The scientists provided Roosa with clean tree seeds from Forest Service genetics institutions. Each seed’s parents were known, so that if one grew markedly different from its ancestors, it would be noticed. The seeds were packed in a metal cylinder 6 inches long and 3 inches in diameter, and on Jan. 31, 1971, they blasted into space.
Over the moon
Roosa was the command-module pilot, so he didn’t actually get to walk on the moon; he orbited above while fellow astronauts Al Shepard and Ed Mitchell explored the surface, collecting rocks and whacking the golf balls Shepard had brought with him.
Upon their return, there was a little mishap — the cylinder, exposed to vacuum, exploded and scattered the seeds all over the place. Forest Service staff director Stan Krugman spent hours scrounging the seeds up and sorting them by species, whereupon they were sent off to Forest Service labs to see if they would germinate.
Somewhat to everyone’s surprise, they did.
Bicentennial moon-tree mania
By 1975, the year before the Bicentennial celebration, the Forest Service had hundreds of “moon trees.” And suddenly everyone wanted one.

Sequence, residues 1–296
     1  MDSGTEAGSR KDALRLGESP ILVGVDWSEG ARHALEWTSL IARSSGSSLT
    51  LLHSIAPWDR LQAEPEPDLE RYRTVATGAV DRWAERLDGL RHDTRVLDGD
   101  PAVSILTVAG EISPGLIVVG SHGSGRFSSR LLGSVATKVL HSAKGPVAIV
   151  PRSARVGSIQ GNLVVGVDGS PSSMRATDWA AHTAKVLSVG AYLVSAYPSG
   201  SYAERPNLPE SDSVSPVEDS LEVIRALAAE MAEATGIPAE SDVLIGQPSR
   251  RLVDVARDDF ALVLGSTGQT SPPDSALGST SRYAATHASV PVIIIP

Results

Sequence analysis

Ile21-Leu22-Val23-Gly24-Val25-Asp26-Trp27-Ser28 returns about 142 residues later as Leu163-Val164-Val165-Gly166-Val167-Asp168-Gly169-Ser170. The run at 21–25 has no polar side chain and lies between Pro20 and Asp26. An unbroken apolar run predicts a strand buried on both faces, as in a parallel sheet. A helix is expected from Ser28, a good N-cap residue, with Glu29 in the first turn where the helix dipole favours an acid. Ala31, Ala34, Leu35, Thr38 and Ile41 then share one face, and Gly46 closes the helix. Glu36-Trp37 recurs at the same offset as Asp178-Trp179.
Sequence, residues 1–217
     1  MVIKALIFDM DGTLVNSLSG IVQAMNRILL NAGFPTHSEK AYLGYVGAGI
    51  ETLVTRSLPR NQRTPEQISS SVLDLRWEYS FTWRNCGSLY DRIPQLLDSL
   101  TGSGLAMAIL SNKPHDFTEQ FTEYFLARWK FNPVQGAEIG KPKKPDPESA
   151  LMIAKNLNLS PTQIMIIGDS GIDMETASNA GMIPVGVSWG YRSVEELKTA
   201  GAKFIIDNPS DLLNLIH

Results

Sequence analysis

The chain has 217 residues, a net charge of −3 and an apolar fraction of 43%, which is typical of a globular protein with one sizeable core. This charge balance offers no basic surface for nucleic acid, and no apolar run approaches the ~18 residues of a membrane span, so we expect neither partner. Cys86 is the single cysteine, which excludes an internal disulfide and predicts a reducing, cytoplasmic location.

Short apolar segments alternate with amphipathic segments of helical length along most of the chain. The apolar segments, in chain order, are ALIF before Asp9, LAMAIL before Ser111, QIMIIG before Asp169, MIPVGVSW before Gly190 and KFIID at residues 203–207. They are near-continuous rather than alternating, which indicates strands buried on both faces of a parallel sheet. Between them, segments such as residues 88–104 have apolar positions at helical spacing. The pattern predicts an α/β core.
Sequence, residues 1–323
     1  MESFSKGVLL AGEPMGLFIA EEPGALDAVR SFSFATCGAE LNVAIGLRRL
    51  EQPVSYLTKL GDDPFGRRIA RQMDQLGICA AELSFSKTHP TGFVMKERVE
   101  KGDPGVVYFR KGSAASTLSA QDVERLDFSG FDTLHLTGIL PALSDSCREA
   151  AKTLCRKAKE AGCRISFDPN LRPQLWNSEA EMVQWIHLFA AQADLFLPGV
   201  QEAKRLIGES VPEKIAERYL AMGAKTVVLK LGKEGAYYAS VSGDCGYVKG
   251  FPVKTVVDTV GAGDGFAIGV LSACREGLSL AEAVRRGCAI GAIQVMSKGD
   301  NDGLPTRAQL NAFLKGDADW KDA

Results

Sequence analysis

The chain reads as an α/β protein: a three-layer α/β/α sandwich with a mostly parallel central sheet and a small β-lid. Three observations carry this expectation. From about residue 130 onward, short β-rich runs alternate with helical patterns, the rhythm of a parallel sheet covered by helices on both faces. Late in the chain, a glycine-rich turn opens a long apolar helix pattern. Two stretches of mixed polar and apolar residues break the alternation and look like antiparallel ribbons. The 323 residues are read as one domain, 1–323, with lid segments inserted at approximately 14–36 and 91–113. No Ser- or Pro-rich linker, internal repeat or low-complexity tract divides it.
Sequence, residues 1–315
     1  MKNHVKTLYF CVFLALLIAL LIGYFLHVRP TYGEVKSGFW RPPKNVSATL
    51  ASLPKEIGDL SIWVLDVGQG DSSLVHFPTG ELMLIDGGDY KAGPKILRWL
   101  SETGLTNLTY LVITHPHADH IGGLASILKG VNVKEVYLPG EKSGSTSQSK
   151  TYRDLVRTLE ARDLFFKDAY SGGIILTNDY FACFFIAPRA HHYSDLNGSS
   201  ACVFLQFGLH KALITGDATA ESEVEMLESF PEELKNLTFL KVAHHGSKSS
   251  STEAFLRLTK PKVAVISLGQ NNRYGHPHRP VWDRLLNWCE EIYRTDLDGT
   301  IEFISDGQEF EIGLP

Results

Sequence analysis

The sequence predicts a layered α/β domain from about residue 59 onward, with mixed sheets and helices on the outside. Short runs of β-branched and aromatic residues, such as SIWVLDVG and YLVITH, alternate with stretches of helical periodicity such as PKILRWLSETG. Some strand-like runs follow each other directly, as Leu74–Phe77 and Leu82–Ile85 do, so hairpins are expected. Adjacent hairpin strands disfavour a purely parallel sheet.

It seemed like every Congressman wanted one to plant in his or her home state.
One went to the Emperor of Japan. The mayor of New Orleans, a man named Moon Landrieu, requested a Moon Tree or two for obvious reasons as well. They were so popular that Forest Service professionals had to root cuttings of the original trees — not an easy thing to do with a conifer — to meet the demand.
There followed a busy year of planting and celebrating Bicentennial Moon Trees — followed immediately, for most of them, by three decades of forgetting they existed.
Moon Trees of Oregon
In Oregon, the trees were not forgotten. A plaque marked the location of the Moon Tree on the State Capitol grounds in Salem, and another one on the University of Oregon campus in Eugene was remembered in 1987, when it was carefully moved to make way for the construction of Willamette Hall. Today it stands at the corner of the lawn behind the Erb Memorial Union, close to the Carson dormitory building.
According to NASA, there are four other Moon Trees in Oregon, for a total of six: One at the Veterans’ Hospital in Roseburg, two at a private residence in Salem and the one at Oregon State University, in front of Peavy Hall.